Monday, November 30, 2015

I'm the Satellite

In a 2014 interview at Asbury Park's Stone Pony, Andrew McMahon, cradling his daughter, Cecelia, laughed and said, "I wrote a pop record and then she showed up." More than ten years had passed since Andrew was diagnosed with lymphoblastic leukemia. He went on to say that the road to recovery was a ten year "roller coaster ride." "My body healed faster than my mind and my heart. It took me years to realize that and do the work. I had to figure out how to acclimate to the world post-illness. I decided to take time away from the business of making music so I could pay attention to everything else. I left my label, my management and the name I had been making music under for the better part of my 20s. I moved out of Los Angeles. It was a metaphorical hard reset."

For his latest LP, Andrew McMahon in the Wilderness, Andrew altered his MO by physically distancing his work and home lives by retreating to a cabin in Topanga Canyon, "a shack, really," he said. "It had no running water." He spent weekdays in the canyon immersed in his music and on weekends returned home to be with his then newly-pregnant wife. "It was important to me to be completely present when I was home. Separating out the work actually created more space to live a life worth writing about."

I can picture that scenario, having spent the informative parts of my youth in Topanga. It's a world away from the hustle of L.A., a paradise of dried brush and sandstone. For Andrew, Topanga was an awakening and a place of reflection: "I found myself asking, 'What would have come next if I hadn’t encountered that bizarre chapter of my disrupted 20s?' As I was writing the new songs, I was able to revisit relationships that had evolved or been dismantled in the vacuum of that disruption. He added, "It’s not that I wanted to erase my past. I wanted to explore it, to go back to the point where I had lost myself, where my personal narrative was overtaken, and move forward from there."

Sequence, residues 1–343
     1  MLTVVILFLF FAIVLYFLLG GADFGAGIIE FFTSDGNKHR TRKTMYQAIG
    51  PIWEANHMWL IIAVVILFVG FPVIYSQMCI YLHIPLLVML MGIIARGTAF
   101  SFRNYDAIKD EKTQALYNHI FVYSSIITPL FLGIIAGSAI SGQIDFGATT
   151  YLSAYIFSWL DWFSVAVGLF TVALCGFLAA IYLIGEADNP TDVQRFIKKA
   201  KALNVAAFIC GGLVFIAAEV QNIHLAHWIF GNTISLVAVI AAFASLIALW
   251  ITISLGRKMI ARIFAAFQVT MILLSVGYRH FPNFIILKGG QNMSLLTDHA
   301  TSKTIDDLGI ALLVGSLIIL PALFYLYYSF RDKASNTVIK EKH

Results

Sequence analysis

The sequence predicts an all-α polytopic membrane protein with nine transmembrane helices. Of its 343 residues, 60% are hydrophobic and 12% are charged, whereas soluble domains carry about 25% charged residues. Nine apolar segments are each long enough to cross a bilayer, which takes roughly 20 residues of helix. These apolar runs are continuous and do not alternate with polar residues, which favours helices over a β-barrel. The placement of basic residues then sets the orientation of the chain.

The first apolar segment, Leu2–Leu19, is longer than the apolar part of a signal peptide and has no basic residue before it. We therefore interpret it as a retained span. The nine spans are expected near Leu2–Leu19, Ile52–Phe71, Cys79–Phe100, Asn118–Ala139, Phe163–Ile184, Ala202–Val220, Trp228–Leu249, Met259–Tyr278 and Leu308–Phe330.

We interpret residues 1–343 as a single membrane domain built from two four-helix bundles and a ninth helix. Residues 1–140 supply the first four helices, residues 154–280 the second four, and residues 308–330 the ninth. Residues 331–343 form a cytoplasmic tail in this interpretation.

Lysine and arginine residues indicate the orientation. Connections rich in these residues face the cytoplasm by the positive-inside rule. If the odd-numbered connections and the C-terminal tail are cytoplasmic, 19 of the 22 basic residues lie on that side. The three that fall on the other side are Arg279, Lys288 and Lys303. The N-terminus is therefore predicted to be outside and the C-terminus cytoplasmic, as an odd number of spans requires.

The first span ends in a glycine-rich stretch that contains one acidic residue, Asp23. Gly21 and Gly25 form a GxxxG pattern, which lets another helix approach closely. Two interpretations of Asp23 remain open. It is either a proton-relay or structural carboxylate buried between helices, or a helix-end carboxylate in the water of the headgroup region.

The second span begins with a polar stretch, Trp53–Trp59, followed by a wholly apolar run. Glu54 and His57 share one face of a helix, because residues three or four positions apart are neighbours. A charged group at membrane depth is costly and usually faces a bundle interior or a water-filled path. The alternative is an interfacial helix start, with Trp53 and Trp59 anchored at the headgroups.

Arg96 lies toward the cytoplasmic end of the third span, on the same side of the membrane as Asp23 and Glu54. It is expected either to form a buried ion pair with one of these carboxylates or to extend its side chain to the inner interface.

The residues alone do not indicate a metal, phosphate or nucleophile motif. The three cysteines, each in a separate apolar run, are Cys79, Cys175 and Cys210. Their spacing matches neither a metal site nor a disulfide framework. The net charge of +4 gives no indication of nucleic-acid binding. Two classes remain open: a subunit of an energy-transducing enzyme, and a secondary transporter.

In the canyon, Andrew was able to focus solely on craft. He poured his feelings into his work: the anticipation, anxiety and excitement about becoming a father, the ambivalence about entering his 30s, the struggle to become again the Andrew he once was. Soon after, AM began working with producer Mike Viola in Viola's Echo Park studio. One of the LPs personal memoirs, "High Dive," emerged from these sessions. "My illness put a lot into perspective for my wife and I. I imagined what it would have been like if we'd split up and she'd moved on. In a universal sense, it's about letting someone go and realizing you were wrong, but it's too late" ("Flashbacks get me close”). Intimate details like this fill the album. "See Her on the Weekend" is a literal retelling of his time in Topanga. Here he admits, "I drink more than the doctors say I should." 

Andrew's songs have always been personal statements, but generalized so we all get it, so we're all a part of it. The songs on AM in the Wilderness are different somehow, the lyrics less accessible to the listener; it's a memoir not Chicken Soup for the Soul. "Halls," for instance, outlines how Andrew was wont to sabotage himself for the good of his career, forgetting that if the plane goes down you put on your own mask first: "When I left town we were heading for the altar/ And I told you I'd be back before long." AM in the Wilderness is that personal. Go ahead and relate if you want, but the listener's response is sympathy not empathy. 

Nonetheless it's songs like "Rainy Girl" and "Cecelia and the Satellite" that exemplify the memoir pastiche. "Rainy girl, I can't wait to meet you"  is the kind of lyric that we all, as parents, can relate to. It was a stunning solo opener for the tour's last show this past Saturday at the Fillmore in Philadelphia. And the encore, we all knew, would be "Cecelia and the Satellite."  Doesn't get more personal than that, a song cycle for his family. "Cecilia and the Satellite" was fittingly one of the last songs written for the album. "I knew I wanted to write a song for her, to show her who I was before she was born and my commitment to protect her." Seems like Andrew gets it now and puts on his mask first.




Next Up: AM in the Wilderness - The Fillmore, Philadelphia, November 28, 2015.

No comments:

Post a Comment